Remarkably, despite the decline in the manufacturing employment share in Germany, the manufacturing GDP value added share in Germany has been stable, at about 23%, recovering fully after a V-shape adjustment during and after the Global Crisis. In contrast, during the past two decades, the US experienced a drop of about 5% in manufacturing value added, at the same time that the manufacturing employment share dropped by 6%. When examining an index of real unit labor costs in the manufacturing sector for 2000-2012, we observe trends that are consistent with the superior performance of manufacturing in Germany: the real unit labour cost in the US dropped by more than 10% relative to Germany (Figure 2).

Figure 2 Indexed unit Labor costs in the manufacturing sector, US dollar basis, 1992-2016

Note: 2002=100.
Source: The Conference Board, International Labor Comparisons Program, May 2017

The differential manufacturing performance of these two countries may be the outcome of structural factors, as well as policies. While we cannot pin down a causal interpretation, we note several structural differences between the countries that we think are important.  The educational attainment aggregate numbers of the two countries differ sharply – the labour force in Germany is relatively more replete with workers with  an upper-secondary education, and the labour force in the US with those who have tertiary education credentials.  The share of workers with an upper-secondary education in Germany exceeds that of the US by about 15% points, and the share of workers with a tertiary education in the US exceeds that of Germany by about 17% points (Table 1). The US labour force is more educated or more highly skilled.

Table 1 Education: Germany versus the US (% of population, average 2011-2015)

Source: World Development Indicator and Poverty and Equity Database, World Bank

The safety net in Germany is deeper and wider than in the US, and income inequality in the US is substantially higher than that in Germany. Given the relative success of German manufacturing, it is plausible that the Germany education system’s emphasis on vocational training fits the needs of modern manufacturing better.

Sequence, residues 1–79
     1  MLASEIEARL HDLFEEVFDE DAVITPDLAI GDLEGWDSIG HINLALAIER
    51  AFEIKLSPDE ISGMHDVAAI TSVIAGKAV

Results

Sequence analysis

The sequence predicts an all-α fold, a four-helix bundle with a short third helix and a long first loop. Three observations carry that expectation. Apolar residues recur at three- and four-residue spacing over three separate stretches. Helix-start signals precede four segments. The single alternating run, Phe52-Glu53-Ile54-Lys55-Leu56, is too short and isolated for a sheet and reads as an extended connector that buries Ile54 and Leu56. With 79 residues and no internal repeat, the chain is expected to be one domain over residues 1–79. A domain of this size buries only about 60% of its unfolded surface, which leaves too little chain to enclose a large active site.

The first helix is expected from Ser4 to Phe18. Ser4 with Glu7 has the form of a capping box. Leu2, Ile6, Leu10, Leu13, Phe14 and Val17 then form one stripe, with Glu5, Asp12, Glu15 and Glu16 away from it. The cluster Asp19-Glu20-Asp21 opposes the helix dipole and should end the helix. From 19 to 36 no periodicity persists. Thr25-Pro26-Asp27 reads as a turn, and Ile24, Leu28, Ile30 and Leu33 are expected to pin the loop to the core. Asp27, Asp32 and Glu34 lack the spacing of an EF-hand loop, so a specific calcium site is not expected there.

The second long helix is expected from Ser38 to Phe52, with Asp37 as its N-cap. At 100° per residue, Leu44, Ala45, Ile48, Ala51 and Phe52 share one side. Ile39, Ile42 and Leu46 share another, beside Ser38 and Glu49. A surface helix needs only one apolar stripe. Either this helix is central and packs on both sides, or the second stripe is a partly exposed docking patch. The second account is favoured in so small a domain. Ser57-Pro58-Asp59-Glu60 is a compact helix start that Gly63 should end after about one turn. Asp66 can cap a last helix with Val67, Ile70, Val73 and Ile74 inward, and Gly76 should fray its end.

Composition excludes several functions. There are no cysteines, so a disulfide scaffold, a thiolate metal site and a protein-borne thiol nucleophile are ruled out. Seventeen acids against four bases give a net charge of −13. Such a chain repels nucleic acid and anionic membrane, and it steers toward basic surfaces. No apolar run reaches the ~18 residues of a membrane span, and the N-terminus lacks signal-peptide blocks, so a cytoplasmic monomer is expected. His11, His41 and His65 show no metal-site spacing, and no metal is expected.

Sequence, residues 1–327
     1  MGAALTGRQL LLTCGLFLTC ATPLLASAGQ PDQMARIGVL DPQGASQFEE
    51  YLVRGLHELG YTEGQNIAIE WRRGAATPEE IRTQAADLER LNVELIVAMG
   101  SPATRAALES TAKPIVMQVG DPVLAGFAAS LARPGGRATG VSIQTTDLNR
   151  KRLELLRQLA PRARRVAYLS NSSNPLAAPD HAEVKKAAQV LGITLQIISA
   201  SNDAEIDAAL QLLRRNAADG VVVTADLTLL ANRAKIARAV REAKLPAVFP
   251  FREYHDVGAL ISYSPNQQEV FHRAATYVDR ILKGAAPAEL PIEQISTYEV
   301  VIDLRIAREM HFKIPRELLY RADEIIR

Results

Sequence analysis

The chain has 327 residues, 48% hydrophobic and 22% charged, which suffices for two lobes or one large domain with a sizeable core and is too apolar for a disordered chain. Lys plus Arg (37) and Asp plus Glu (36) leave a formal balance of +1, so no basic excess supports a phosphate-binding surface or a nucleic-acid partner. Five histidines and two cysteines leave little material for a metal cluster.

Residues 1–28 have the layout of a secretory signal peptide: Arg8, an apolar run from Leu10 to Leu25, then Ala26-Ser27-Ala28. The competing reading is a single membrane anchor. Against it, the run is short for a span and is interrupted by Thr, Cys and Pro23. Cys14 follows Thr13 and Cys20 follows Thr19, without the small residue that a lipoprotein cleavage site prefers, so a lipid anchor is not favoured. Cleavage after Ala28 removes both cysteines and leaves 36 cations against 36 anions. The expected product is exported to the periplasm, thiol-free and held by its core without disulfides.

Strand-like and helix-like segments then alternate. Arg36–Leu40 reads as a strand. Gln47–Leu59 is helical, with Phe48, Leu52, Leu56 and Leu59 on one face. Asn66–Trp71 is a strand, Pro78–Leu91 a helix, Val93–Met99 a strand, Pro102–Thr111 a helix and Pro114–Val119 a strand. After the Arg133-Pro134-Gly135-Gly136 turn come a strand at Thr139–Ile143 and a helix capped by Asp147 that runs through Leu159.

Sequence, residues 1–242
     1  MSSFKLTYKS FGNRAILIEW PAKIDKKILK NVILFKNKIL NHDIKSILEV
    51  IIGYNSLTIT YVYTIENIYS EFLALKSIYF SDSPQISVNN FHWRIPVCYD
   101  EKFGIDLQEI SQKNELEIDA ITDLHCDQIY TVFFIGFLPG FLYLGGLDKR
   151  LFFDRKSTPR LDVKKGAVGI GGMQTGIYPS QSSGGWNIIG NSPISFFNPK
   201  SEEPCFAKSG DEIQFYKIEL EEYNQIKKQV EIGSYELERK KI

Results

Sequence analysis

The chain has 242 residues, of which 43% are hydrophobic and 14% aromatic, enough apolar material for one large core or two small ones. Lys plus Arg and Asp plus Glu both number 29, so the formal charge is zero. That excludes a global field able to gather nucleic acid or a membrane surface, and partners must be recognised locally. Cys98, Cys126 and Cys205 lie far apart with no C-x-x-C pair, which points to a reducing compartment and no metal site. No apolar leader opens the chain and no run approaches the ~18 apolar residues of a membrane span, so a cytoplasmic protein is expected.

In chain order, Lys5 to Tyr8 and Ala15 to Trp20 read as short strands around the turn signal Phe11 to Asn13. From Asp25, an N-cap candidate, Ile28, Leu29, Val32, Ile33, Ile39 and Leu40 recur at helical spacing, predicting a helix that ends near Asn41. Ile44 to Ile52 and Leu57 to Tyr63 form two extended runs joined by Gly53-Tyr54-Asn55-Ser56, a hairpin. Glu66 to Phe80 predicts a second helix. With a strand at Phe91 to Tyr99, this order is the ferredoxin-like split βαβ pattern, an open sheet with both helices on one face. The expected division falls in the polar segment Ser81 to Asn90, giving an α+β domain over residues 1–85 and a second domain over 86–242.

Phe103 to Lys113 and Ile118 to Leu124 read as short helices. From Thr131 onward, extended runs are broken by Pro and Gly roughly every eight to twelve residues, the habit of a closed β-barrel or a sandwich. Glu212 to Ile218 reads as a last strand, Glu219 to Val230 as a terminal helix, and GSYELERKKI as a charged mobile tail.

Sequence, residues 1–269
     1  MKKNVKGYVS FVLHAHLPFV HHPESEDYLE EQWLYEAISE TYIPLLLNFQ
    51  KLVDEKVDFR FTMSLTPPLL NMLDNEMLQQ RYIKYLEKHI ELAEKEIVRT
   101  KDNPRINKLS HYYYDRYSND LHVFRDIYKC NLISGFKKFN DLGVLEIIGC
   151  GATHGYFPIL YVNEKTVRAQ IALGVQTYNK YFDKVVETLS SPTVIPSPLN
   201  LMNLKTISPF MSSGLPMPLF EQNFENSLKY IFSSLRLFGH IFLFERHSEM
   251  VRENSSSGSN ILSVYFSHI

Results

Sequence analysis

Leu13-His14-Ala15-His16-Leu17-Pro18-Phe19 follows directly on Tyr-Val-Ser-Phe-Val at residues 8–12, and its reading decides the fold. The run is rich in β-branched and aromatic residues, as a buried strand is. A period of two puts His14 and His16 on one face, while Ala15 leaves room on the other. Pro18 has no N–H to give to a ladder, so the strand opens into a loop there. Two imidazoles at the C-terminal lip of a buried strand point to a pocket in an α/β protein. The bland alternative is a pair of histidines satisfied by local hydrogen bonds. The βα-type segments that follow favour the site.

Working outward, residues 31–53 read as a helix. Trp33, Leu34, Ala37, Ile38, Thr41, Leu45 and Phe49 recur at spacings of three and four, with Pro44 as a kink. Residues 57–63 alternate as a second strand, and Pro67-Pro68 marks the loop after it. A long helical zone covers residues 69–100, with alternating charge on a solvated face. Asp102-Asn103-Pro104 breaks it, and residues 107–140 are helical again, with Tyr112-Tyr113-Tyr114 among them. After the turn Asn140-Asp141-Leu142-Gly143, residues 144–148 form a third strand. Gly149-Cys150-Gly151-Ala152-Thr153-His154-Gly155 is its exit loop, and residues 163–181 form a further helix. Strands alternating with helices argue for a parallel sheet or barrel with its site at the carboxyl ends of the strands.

While the manufacturing employment share has declined substantially in both countries, the shallower safety net in the US may explain why this issue has generated greater social impact there than in Germany. The first-ever decline in life expectancy in some parts of the US, and the growing despair of the displaced less-educated workers in the US – identified by Case and Deaton (2015, 2017) – may reflect this shallower safety net.

In the US, the public policy concern about overinvestment in four-year colleges largely concentrates on the for-profit sector (e.g. Deming et al. 2012).  But this overinvestment is found in all parts of the system, and is partly driven by a lack of information about the distribution of the college premium in all types of institutions.3 There appear to be too many four-year colleges serving too many students, and too few institutions with a greater focus on vocational education and training.4

Vocational employment training (VET) in Germany is much more developed. The CESifo database on Institutional Comparisons in Europe (DICE) includes institutional details about VET found in many European countries. Germany starts to identify students who are struggling in the ‘academic’ track in lower-middle school, and has various mechanisms in place to assist these students to succeed in VET programmes; while in the US, assistance is available only for students once they drop out of a ‘normal’ high school. Vocational training after secondary school is almost only found if it is organised privately for specific professions. Rebalancing the tertiary education system in the US with more vocational training may not be a panacea.5 Yet, overlooking the need to align the education system with the demands of the real economy comes with growing personal and social costs.6


In another case study included in our paper, we compare Thailand and Vietnam (Aizenman et al. 2017). Vietnam spends twice as much as Thailand on vocation education, while inequality in both countries appear fairly constant in the past 30 years.

More generally, the quantitative evidence on the role of vocational training is imperfect, but both the limited cross-country evidence analysed here, and the comparisons we made, convince us that well-resourced and well-targeted vocational training can prove to be a better long-term investment in skill acquisition and can assist in ameliorating the difficulties faced by those workers whose prospects look, in many cases, to be quite bleak.

In the future, we hope to work on extensions that will examine (i) the importance of vocational training in the service sectors (as manufacturing employment is declining), (ii) more detailed accounting of the quality of vocational education, and (iii) the impact of vocational training on poverty.